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ISTOOK: Quit wasting time — The House should arrest Lois Lerner until she testifies

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Lois Lerner should be arrested by the House of Representatives and confined until she testifies in full about the Internal Revenue Service scandal. That is the only viable way to enforce the contempt of Congress approved in early May.

Anybody who believes the IRS' cover story about lost emails should know how improbable it is: It's more likely that you could win every Powerball jackpot ever awarded than that computer crashes caused the loss of all the subpoenaed emails connected to the IRS scandal.

That's why it's overdue for the House to get serious.

Instead of using its authority to arrest her, the House has passed the buck down into the bottomless pit of Attorney General Eric Holder's Department of Justice. It's the same bottomless pit that swallowed Ms. Lerner's emails. It also swallowed the emails of half a dozen other key IRS workers who participated in stifling tea party groups prior to President Barack Obama's 2012 re-election campaign.

The fact that other people's emails also are missing is the proof that nobody should believe Ms. Lerner's emails were lost by accident. House Ways and Means Committee Chairman Dave Camp described this gaping problem in a statement after the IRS revealed that it could not honor his subpoena:

"In addition to Lois Lerner's emails, the IRS cannot produce emails from six other IRS employees involved in the targeting of conservative groups. One of those figures is Nicole Flax, who served as chief of staff to Steve Miller, who at the time of the targeting was Deputy Commissioner … The timeframe for when Ms. Flax's emails are purportedly unrecoverable covers when the Washington DC office wrote and directed the Cincinnati field office to send abusive questionnaires … Ms. Flax was a frequent visitor to the White House."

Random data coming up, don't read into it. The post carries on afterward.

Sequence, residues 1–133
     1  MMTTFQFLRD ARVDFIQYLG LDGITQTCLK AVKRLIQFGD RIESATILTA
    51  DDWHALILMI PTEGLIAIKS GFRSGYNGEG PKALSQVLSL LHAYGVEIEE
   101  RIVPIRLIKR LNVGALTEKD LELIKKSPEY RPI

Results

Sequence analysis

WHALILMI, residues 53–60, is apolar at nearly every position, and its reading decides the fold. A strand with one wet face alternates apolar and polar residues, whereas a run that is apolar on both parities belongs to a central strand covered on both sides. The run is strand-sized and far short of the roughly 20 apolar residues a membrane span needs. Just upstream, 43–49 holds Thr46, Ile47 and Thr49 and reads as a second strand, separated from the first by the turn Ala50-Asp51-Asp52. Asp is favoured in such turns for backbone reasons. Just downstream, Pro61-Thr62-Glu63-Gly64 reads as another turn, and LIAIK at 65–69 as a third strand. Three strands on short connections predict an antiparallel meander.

What are the odds that seven workers — not just one — would lose their emails to a computer crash? The IRS has about 90,000 employees. So for a select seven to suffer such a crash, the odds are about 1 in 478-decillion. Put another way, it's 1 in half-a-million trillion trillion. It's like finding one particular atom among a group of 600 people. You are far more likely to win the Powerball jackpot every time it's awarded.

Math majors can quibble over the numbers, but the point is clear: These things don't happen by coincidence.

The IRS and the White House have ample resources to continue stonewalling Congress for years. But good investigators know the importance of bringing legitimate pressure on the key figure, namely Lois Lerner.

Ms. Lerner was aggressive in proposing that tea party participants be prosecuted, even bending or breaking the law when she forwarded over a million pages of IRS documents to the FBI (including confidential material) in hopes she could send others to prison. Nobody should hesitate to throw the book at her.

Supreme Court rulings have explicitly upheld how a single house of Congress can enforce contempt findings by arresting and confining offenders until they purge themselves of contempt by testifying in full. It's the same remedy that courts employ with recalcitrant witnesses. If Ms. Lerner claims that she retains Fifth Amendment immunity, despite her clear waiver, it's her responsibility to apply to a court for a writ of habeas corpus, as others have attempted when arrested for contempt of Congress.

There is no other good and timely way to proceed.

The odds are tiny that seven key people's emails all were lost due to computer crashes. The odds are even tinier that the hyper-political A-G Eric Holder would actually and effectively prosecute Lois Lerner for contempt of Congress or any other offense.

It's overdue for Congress to arrest Lerner and to confine her until she testifies fully and truthfully.

About the Author
Ernest Istook

Ernest Istook

Ernest Istook spent 25 years in public office, including 14 years in Congress. He was rated one of the top 25 conservatives in the U.S. House of Representatives. Then was a Heritage Foundation fellow and a fellow at Harvard’s Insitute of Politics, where he led a study group on Propaganda in American Politics Today.

Now as a radio host and ...

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